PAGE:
Lawmakers want SEC to name names in ‘London Whale’ case

“While the $920 million settlement constitutes a significant rebuke to the institution, I believe that the government must hold accountable those individuals who compromised the integrity of our nation’s financial markets,” Sen. John McCainJohn McCainMcCain made secret trip to Syria A guide to the committees: Senate Webb: The future of conservatism MORE (R-Ariz.) said in a letter sent to Securities and Exchange Commission (SEC) Chairwoman Mary Jo White. “The government’s incomplete enforcement actions to date fail to achieve that goal.”

Regulators have previously filed charges against two of the bank’s London traders, but McCain, who is the top Republican on the Homeland Security and Governmental Affairs Permanent Subcommittee on Investigations, pointed out acts by higher officials that seem to have gone unpunished.

“At one point in August 2011, CEO Jamie Dimon ordered that the investment bank withhold daily profit and loss (P&L) reports from the [Office of the Comptroller of the Currency] because he believed that the regulators did not need the information. He, in fact, reacted angrily when the bank’s CFO, Douglas Braunstein, resumed sending the information to regulators,” he wrote.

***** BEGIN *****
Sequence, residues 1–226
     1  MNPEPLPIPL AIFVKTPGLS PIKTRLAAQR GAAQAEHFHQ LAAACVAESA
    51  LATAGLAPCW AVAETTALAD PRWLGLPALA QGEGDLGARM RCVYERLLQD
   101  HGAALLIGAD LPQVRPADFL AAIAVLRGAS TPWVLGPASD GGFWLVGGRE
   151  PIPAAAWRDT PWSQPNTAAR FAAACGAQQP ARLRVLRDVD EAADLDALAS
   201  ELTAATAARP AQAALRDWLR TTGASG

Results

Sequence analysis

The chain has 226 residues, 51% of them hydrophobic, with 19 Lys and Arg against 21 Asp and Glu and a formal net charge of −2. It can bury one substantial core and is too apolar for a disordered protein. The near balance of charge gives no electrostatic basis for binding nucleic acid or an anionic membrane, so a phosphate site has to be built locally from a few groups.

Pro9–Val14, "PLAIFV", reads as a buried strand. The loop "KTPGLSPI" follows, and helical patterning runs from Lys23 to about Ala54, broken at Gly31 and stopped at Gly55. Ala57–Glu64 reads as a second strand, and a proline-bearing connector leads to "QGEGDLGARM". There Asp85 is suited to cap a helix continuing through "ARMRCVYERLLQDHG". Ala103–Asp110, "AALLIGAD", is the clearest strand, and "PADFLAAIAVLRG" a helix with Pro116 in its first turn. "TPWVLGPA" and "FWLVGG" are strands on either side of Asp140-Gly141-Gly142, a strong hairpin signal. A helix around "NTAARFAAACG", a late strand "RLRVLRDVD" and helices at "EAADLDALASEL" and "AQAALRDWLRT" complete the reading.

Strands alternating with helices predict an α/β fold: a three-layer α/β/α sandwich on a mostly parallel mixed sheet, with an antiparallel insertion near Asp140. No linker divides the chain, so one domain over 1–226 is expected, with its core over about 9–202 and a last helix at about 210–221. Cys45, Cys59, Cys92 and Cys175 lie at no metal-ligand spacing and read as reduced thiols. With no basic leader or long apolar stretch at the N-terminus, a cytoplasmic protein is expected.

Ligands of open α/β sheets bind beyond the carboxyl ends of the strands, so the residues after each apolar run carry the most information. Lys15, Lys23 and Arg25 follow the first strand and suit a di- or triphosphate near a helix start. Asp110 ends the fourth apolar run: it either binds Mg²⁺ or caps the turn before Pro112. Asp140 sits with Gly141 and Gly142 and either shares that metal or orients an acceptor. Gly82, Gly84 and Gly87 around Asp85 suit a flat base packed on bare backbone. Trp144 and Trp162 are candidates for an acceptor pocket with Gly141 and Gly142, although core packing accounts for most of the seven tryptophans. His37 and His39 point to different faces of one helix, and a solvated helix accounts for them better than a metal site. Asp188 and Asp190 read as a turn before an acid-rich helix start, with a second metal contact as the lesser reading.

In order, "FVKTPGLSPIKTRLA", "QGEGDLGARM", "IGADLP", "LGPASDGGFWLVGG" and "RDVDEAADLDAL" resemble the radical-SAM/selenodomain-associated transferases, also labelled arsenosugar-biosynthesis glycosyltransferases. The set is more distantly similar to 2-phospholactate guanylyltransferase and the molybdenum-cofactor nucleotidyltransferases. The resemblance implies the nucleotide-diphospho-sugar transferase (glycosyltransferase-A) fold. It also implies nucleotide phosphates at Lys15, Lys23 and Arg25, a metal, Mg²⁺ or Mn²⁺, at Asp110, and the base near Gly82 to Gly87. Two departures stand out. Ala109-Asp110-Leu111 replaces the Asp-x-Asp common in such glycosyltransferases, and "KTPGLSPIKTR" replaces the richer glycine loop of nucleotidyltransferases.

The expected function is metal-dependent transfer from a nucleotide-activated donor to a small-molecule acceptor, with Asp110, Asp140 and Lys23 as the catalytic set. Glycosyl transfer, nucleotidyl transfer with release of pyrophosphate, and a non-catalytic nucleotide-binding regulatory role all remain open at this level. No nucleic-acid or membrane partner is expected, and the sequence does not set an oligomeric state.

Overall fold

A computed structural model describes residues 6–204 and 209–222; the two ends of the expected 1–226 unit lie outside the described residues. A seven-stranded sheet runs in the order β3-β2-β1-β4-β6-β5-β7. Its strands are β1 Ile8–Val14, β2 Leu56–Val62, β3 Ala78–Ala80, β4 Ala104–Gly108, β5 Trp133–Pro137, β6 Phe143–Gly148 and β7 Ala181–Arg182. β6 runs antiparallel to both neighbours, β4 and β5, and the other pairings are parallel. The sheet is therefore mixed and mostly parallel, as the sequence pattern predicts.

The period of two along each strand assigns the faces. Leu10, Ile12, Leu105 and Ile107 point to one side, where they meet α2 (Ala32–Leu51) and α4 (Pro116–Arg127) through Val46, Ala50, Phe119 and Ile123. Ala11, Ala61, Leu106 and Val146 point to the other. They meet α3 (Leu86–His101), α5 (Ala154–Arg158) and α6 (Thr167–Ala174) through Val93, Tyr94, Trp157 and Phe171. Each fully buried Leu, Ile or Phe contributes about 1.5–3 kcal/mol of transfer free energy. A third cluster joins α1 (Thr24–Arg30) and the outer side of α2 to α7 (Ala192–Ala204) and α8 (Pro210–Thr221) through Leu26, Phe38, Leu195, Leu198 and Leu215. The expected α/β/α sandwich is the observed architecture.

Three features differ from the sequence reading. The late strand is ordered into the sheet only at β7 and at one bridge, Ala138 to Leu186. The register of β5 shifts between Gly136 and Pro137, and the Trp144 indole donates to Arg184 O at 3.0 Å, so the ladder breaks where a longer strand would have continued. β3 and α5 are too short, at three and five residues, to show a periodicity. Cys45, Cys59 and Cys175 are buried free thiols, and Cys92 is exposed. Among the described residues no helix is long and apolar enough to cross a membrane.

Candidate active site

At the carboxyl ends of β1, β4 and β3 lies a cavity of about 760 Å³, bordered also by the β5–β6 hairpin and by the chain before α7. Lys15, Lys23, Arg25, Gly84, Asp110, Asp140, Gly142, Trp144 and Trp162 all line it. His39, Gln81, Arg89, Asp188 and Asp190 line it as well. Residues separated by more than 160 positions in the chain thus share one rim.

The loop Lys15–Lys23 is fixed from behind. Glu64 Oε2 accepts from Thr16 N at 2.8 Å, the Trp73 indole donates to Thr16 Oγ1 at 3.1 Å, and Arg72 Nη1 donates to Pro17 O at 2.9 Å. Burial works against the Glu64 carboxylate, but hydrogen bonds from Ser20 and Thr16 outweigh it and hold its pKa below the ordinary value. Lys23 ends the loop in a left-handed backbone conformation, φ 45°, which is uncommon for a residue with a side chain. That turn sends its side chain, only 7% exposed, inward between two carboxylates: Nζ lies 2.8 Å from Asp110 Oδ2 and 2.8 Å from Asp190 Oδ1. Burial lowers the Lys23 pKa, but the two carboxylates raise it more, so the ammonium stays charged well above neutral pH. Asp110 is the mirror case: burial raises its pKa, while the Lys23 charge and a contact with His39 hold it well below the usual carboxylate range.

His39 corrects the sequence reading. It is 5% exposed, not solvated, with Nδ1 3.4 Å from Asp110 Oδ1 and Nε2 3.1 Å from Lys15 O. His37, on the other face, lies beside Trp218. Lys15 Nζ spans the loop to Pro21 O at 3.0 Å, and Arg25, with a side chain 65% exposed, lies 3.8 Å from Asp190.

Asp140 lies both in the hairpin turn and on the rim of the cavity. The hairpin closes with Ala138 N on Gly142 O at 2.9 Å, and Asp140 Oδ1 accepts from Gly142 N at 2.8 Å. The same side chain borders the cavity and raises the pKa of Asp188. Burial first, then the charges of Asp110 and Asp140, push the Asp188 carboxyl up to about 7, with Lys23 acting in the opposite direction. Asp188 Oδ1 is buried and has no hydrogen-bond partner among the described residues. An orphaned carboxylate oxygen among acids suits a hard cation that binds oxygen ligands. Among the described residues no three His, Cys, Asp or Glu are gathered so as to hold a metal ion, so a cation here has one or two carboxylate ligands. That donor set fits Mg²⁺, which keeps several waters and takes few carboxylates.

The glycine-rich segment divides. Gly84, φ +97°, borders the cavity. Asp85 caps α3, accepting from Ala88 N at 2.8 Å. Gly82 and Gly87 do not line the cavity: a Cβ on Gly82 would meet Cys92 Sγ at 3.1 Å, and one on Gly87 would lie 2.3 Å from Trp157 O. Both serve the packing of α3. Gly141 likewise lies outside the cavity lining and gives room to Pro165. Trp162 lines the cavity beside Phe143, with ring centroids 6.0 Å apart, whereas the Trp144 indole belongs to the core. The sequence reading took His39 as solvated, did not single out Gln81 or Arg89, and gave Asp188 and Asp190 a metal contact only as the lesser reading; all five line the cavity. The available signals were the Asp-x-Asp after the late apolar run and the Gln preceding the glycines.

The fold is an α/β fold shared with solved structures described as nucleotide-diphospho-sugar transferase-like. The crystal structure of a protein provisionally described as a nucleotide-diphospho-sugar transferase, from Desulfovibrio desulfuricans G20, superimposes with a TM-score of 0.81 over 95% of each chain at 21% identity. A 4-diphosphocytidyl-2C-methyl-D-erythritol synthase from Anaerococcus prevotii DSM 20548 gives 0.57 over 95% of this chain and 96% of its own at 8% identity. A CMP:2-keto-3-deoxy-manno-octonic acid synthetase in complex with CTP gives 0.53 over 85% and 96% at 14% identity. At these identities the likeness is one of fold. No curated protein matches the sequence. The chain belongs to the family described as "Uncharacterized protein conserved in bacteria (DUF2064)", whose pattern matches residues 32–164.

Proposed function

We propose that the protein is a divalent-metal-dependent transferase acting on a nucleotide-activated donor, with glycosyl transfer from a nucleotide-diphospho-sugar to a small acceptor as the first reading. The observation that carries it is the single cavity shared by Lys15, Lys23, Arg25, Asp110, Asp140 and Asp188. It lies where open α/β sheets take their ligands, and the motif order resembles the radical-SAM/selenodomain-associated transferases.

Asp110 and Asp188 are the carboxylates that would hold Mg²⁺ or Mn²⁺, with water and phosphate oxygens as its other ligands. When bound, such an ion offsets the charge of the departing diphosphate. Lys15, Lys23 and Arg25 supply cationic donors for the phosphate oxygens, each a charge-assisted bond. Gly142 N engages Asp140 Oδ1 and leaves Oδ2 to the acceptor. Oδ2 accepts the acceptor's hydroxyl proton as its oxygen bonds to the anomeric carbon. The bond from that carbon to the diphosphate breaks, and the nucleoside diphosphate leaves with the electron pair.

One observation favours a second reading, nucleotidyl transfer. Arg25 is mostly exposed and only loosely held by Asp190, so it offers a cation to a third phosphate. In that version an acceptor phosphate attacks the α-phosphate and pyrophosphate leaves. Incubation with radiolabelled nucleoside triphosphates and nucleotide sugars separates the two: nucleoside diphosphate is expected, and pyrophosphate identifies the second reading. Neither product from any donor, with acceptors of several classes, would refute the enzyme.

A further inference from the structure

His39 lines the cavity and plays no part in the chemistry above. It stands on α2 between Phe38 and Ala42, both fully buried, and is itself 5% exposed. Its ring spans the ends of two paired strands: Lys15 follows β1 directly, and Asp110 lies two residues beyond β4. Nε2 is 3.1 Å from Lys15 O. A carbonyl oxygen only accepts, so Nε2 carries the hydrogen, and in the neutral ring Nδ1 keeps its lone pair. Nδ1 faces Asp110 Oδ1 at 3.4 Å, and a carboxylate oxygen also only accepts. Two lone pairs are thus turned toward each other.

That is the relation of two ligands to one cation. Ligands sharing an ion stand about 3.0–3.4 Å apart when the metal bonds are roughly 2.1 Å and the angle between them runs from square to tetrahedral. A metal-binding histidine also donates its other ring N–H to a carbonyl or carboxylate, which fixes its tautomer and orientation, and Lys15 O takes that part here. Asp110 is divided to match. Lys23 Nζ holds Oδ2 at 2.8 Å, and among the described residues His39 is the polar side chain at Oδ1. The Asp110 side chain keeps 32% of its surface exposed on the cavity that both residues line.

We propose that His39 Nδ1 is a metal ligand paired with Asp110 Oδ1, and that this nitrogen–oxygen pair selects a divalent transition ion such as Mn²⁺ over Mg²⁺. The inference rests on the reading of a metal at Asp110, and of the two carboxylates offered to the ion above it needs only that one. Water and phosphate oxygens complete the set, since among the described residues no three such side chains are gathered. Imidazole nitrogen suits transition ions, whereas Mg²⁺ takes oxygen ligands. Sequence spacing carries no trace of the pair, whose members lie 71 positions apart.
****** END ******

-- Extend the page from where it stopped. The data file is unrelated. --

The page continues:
“Even the powerful CEO of one of our nation’s largest banks does not get to make his own rules and decide which regulations are worthy of compliance.”

The subcommittee's chairman, Sen. Carl LevinCarl LevinA package proposal for repatriation Silencing of Warren another example of hyperpartisan Senate GOP going nuclear over Gorsuch might destroy filibuster forever MORE (D-Mich.), added in a statement on Thursday that “the whole issue of misinforming investors and the public is conspicuously absent from the SEC findings and settlement.”

Sen. Jeff MerkleyJeff MerkleyPoll: Senate should confirm Gorsuch A guide to the committees: Senate Senate advances Trump's Commerce pick MORE (D-Ore.) said that regulators’ inability to crack down on misleading practices undermined new financial regulations crafted in the wake of the 2008 financial crisis.

“This no-accountability approach to financial regulation led to the reckless risk-taking that caused the financial crisis and Great Recession,” he said. “We have new rules on the books, like the Volcker firewall, to reduce risky behavior. But if regulators refuse to impose accountability and transparency, we will keep repeating the failures of the past.”